ULA sends AEHF-4 screaming through the atmosphere on powerful Atlas V
CAPE CANAVERAL, Fla. — United Launch Alliance successfully completed another major milestone in the completion of the U.S. Air Force’s Advanced Extreme High Frequency (AEHF) satellite system.
The fourth of six planned AEHF satellites lifted off at the very opening of a two-hour-long launch window at 12:15 a.m. EDT (04:15 GMT) Wednesday, Oct. 17, 2018. As is the case with all East Coast flights of the Atlas V, the satellite began its journey to space from Cape Canaveral Air Force Station’s Space Launch Complex 41 (SLC-41) located in Florida.
The AEHF constellation of spacecraft is being sent to orbit so as to provide increased and improved performance in terms of battlefield communications.
“Over the past 12 years, the men and women of ULA have reliably delivered dozens of Air Force payloads into orbit from GPS to WGS, and SBIRS to AEHF,” said Gen. Jay Raymond, commander of Air Force Space Command. “ULA’s unprecedented 100 percent launch success has directly contributed to our national security. Congratulations to the entire launch team on a successful 50th launch for the U.S. Air Force.”
Clear skies along Florida’s Space Coast greeted the launch with weather having no impact on launch operations. Forecasts had predicted a 20 percent chance that the Sunshine State’s weather might interfere.
With the five meter fairing required for the AEHF-4 spacecraft affixed atop, the Atlas V used for tonight’s flight stood an impressive 197 feet (60 meters) in height. The rocket is a veteran in terms of its service with the early-morning mission marking the 79th time it has taken to the skies.
Three seconds before leaving the pad to begin the AEHF-4 mission, the Russian-made RD-180 engine ignited and began burning its fuel of RP-1 (a highly-refined version of kerosene) and liquid oxygen. When combined with the five Aerojet Rocketdyne-produced AJ60A solid rocket boosters, about 2.5 million pounds of thrust was unleashed at SLC-41.
In less than 35 seconds the launch vehicle and its precious cargo passed the speed of sound. A little more than 10 seconds later, the rocket had entered into the part of its journey that placed it under the greatest amount of stress—maximum dynamic pressure or “max-q.”
Their role complete and their propellant expended, the solid rocket boosters were jettisoned about 1 minute, 50 seconds into the flight. About 1 minute, 40 seconds later, the Swiss-built (Ruag Space) payload fairing was no longer needed and was also jettisoned, falling away back to Earth.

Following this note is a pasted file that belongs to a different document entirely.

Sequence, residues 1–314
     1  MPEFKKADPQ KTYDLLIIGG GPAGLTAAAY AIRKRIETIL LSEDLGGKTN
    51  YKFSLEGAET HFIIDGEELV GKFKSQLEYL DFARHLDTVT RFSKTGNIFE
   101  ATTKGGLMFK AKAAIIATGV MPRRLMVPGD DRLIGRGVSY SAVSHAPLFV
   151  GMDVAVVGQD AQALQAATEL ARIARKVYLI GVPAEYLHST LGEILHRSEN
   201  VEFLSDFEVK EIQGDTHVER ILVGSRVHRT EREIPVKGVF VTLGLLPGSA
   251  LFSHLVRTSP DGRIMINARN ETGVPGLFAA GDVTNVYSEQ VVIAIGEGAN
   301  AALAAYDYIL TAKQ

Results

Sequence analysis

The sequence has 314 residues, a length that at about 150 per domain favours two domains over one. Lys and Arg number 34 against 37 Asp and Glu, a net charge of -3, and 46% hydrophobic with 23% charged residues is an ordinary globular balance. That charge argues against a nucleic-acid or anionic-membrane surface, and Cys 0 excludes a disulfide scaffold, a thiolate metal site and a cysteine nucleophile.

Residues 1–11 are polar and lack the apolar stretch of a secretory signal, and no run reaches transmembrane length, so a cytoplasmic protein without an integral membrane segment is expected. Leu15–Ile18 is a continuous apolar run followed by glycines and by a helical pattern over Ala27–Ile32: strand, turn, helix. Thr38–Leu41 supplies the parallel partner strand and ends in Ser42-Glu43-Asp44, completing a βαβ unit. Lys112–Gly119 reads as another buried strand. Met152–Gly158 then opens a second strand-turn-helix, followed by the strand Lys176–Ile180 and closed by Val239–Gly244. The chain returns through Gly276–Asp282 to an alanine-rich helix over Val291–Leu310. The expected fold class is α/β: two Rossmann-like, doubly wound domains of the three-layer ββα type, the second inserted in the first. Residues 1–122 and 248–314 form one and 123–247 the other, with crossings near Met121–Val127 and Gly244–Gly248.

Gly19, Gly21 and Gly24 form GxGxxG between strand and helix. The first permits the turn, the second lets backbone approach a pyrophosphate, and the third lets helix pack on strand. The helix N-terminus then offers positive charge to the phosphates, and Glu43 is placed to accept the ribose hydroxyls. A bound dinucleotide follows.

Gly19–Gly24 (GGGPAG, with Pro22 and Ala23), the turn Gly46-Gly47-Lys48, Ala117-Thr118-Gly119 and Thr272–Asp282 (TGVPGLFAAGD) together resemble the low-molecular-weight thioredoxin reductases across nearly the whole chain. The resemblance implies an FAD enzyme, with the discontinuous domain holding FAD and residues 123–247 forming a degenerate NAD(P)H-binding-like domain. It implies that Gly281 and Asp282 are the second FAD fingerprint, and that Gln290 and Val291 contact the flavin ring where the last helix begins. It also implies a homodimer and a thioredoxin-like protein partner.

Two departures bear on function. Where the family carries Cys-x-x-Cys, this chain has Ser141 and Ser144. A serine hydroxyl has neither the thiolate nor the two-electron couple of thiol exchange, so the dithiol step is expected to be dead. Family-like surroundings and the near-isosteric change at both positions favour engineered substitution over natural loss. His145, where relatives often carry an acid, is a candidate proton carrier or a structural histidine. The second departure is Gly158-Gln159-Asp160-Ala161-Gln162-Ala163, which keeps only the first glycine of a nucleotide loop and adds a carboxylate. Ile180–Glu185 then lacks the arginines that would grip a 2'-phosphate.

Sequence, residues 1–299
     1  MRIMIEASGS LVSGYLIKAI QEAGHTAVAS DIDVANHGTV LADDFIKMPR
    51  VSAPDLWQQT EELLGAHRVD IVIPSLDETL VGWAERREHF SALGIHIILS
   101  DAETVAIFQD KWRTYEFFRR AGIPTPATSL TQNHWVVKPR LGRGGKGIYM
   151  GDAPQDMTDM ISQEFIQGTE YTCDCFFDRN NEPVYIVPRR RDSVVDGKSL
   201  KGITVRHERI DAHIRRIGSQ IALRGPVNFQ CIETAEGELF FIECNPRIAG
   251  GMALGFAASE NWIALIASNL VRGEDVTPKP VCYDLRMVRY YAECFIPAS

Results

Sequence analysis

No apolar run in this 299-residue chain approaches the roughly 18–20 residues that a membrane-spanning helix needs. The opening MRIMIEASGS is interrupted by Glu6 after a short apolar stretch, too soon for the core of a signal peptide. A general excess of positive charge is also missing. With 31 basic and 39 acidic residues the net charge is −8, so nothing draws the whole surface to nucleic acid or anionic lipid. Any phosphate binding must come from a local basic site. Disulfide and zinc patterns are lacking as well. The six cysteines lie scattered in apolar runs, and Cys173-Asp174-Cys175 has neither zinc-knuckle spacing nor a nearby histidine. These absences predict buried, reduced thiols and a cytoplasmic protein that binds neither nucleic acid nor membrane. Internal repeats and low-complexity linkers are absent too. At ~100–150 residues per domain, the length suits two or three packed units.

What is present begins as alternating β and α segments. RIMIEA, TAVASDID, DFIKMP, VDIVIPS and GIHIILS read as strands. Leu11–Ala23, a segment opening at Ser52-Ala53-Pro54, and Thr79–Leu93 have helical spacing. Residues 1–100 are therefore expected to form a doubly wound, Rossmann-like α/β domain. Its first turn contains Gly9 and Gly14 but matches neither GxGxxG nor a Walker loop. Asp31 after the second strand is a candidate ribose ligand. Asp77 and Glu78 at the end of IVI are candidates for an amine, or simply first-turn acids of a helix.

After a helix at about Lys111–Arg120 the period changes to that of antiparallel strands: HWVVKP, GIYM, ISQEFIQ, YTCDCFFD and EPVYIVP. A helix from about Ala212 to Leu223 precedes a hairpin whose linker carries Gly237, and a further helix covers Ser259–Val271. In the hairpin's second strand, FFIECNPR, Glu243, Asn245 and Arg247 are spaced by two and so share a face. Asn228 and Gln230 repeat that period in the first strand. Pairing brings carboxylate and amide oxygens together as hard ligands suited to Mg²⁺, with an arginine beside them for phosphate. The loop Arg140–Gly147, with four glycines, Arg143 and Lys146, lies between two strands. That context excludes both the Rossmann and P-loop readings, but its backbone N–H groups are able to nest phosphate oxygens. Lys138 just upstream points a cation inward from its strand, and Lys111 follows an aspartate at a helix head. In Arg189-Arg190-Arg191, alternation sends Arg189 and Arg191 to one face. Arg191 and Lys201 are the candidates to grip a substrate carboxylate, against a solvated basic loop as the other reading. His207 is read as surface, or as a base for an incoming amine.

Largely unnoticed, the component that connects the payload fairing to the Centaur RL10C-1 upper stage remained attached for about five seconds after the payload fairing had been jettisoned.
Just shy of 4.5 minutes after it had left the pad, the first stage’s main engine cutoff took place. Six seconds after that, the first stage separated from the upper stage followed shortly thereafter by the Centaur taking over the task of powering the satellite on its way to orbit. Unlike the first stage, the Centaur upper stage burns a mixture of liquid hydrogen and liquid oxygen.
The Centaur’s first burn last for about 7 minutes. It would not activate until the mission had reached an elapsed time of about 22 minutes. This second burn would last about six minutes.
The third, and final, burn for the Centaur upper stage’s engine is expected to take place some 3 hours, 28 minutes after liftoff and last about 1 minute, 40 seconds. Should all go as planned, at about 3:47 a.m. EDT (07:47 GMT), the AEHF-4 satellite is expected to be deployed in its initial orbit of about 4,813 by 19,060 miles (7,745 by 30,674 kilometers), inclined by 12.8 degrees.
“This is a substantial milestone for AEHF, and as we look ahead, we continue to improve and upgrade this mission to deliver these vital communications capabilities to the Air Force,” Mike Cacheiro, vice president of Protected Communication Systems at Lockheed Martin said via a statement issued by the company.
As the spacecraft’s nomenclature denotes, there have been three other spacecraft that have already been deployed. AEHF-1 (USA-214), AEHF-2 (USA-235) and AEHF-3 (USA-246) were launched on Aug. 14, 2010, May 4, 2012, and Sept. 18, 2013, respectively. Each satellite was built by Colorado-based Lockheed Martin.
“ULA’s unparalleled record of successfully launching and placing payloads in orbit signifies our profound commitment to national defense,” said Tory Bruno, ULA president and CEO. “We remain the only launch provider capable of placing our customers’ payloads into any national security space orbit, anytime, which we’ve proudly exhibited through 50 launches for the U.S. Air Force.”
Video courtesy of ULA
Jason Rhian spent several years honing his skills with internships at NASA, the National Space Society and other organizations. He has provided content for outlets such as: Aviation Week & Space Technology, Space.com, The Mars Society and Universe Today.